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11/27/2018

Timbs Tomorrow
Michael Ramsey

Tomorrow the Supreme Court will hear oral argument in Timbs v. Indiana, a case of likely originalist interest.  Here is the SCOTUSblog preview

[T]he Supreme Court will hear oral argument in the case of Tyson Timbs, an Indiana man who lost his Land Rover after his conviction on state drug charges. A state trial court agreed with Timbs that requiring him to forfeit his car went too far, violating the Eighth Amendment’s ban on “excessive fines,” but that won’t be the issue before the justices. Instead, the question is whether the Eighth Amendment applies to state and local governments at all. The justices’ eventual answer will be important not only for Timbs, who hopes to get his $42,000 car back, but also for those state and local governments, for which fines and forfeitures have become a key source of revenue.

It may come as a surprise to readers that the entire Bill of Rights – the first 10 amendments to the Constitution – does not automatically apply to the states. But the Bill of Rights was originally interpreted as applying only to the federal government. Beginning in the 20th century, however, the Supreme Court ruled that some (and eventually most) provisions of the Bill of Rights apply to the states through the Constitution’s 14th Amendment, which – among other things – bars states from depriving anyone “of life, liberty, or property, without due process of law.” Most recently, in 2010, the Supreme Court ruled that the Second Amendment’s right to bear arms applies fully to the states because it is “deeply rooted in this Nation’s history and tradition”; in a footnote, Justice Samuel Alito observed that the court had not decided whether the Eighth Amendment’s ban on excessive fines applies to the states.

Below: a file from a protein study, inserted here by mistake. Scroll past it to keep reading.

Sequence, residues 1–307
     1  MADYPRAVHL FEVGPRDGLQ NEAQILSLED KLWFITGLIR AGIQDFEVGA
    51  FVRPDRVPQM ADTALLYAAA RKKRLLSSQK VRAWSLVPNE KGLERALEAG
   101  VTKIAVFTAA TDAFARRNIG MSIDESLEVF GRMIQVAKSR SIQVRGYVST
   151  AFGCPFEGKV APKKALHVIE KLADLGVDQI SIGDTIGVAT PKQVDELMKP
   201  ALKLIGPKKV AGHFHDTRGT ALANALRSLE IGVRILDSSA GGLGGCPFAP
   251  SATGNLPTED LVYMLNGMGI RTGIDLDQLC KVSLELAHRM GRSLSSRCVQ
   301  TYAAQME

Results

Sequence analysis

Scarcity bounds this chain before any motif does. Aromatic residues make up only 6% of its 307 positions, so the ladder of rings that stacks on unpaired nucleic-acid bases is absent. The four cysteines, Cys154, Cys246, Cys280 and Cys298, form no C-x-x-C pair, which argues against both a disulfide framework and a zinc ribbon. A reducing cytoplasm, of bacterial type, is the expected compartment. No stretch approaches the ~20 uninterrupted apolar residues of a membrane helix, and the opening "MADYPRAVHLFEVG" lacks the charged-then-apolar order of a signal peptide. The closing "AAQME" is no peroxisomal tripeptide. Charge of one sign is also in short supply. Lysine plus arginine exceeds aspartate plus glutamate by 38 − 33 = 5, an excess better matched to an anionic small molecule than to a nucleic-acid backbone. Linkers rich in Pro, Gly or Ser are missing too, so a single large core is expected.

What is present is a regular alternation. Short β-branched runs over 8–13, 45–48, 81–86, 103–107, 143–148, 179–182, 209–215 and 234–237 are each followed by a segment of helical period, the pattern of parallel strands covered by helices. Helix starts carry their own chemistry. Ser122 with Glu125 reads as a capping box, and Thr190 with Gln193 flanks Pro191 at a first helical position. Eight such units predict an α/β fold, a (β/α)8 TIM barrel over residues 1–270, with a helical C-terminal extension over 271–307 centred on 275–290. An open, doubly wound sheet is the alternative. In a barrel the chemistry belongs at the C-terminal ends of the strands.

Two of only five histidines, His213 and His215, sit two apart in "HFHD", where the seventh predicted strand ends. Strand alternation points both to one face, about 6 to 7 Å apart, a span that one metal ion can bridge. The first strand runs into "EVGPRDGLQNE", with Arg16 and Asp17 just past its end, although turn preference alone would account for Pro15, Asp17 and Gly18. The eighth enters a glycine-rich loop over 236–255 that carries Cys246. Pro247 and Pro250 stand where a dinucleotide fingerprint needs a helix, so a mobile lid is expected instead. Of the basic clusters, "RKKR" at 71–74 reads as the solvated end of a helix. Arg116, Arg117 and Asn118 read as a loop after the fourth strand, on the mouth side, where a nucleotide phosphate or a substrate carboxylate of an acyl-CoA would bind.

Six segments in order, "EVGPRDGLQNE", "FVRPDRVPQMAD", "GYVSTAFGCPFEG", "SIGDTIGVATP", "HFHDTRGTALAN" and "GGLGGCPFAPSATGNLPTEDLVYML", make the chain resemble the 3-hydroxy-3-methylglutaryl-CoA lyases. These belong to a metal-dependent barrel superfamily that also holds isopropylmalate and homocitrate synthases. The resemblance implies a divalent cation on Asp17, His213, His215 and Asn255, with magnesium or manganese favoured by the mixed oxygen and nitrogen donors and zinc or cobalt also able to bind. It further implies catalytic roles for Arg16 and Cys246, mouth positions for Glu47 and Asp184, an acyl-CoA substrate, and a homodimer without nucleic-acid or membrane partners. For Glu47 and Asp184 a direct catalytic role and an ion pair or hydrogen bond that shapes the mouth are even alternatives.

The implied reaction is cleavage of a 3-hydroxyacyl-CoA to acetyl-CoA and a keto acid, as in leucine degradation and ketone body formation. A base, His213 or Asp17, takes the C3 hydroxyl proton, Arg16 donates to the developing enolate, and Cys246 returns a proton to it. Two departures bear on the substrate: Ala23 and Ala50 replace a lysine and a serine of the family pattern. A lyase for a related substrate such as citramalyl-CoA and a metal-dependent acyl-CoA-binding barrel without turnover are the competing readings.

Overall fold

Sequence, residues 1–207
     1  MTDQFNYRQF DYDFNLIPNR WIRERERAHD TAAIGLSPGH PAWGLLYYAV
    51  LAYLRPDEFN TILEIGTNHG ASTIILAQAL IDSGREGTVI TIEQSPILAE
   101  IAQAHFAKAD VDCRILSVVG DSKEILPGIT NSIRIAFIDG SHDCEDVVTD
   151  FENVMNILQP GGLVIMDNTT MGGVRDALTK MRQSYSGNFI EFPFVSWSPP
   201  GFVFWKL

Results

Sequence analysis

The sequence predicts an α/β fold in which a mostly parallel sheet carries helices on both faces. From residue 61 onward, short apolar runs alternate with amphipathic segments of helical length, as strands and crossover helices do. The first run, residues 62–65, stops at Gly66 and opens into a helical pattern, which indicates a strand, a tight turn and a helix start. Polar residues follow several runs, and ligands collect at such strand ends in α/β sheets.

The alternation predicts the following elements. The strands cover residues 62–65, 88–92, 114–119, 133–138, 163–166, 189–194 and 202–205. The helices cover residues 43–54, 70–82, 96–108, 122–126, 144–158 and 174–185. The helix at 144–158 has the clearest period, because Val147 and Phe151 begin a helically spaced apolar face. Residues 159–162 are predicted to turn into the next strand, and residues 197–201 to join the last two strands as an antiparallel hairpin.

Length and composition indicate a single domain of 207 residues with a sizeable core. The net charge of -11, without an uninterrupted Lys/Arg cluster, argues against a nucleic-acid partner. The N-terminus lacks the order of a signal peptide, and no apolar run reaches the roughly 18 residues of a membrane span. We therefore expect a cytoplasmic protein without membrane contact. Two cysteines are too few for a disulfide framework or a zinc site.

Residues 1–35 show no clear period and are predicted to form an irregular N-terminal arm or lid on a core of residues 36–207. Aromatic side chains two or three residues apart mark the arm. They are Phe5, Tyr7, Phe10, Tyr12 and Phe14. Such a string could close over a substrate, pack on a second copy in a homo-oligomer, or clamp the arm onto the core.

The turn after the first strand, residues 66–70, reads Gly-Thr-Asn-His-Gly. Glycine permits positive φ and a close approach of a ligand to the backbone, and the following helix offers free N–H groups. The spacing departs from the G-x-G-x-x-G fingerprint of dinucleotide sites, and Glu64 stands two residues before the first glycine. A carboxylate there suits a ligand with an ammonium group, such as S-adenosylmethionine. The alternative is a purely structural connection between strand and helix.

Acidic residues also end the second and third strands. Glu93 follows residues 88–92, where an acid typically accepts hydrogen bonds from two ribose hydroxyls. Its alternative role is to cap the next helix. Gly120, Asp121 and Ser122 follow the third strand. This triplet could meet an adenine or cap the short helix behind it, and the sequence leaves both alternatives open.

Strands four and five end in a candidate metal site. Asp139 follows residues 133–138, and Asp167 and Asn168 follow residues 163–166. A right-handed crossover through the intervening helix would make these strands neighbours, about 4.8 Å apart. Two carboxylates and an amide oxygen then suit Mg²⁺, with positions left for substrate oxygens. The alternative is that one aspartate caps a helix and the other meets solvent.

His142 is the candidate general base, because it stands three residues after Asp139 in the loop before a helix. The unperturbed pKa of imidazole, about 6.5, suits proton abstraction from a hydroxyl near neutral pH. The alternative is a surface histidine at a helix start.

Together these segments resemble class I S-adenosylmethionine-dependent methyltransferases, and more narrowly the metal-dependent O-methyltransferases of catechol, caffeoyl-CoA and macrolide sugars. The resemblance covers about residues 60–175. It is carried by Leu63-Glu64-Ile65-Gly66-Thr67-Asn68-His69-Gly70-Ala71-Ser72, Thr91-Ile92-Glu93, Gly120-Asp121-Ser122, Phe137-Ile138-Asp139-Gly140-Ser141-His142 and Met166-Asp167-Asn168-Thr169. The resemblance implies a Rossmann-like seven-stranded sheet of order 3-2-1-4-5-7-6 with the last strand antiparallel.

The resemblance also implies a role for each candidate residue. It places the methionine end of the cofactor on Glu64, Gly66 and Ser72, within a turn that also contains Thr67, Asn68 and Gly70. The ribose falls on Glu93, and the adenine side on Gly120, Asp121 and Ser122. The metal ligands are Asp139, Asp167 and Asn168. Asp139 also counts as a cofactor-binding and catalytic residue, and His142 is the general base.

As the preview goes on to describe, Timbs' argument is strongly historical: 

In the Supreme Court, Timbs argues that protection from excessive fines has a long history in our legal tradition, dating as far back as the reign of King Henry II, who ruled England in the 12th century. When the Eighth Amendment was ratified in the 1790s, Timbs notes, nine of the 13 states at the time had constitutional provisions guarding against excessive fines. By the time the 14th Amendment was ratified in 1868, all of the states included protection from excessive fines in their constitutions, and all but two of the 37 states did so using language that mirrored the language of the federal constitution’s excessive fines clause.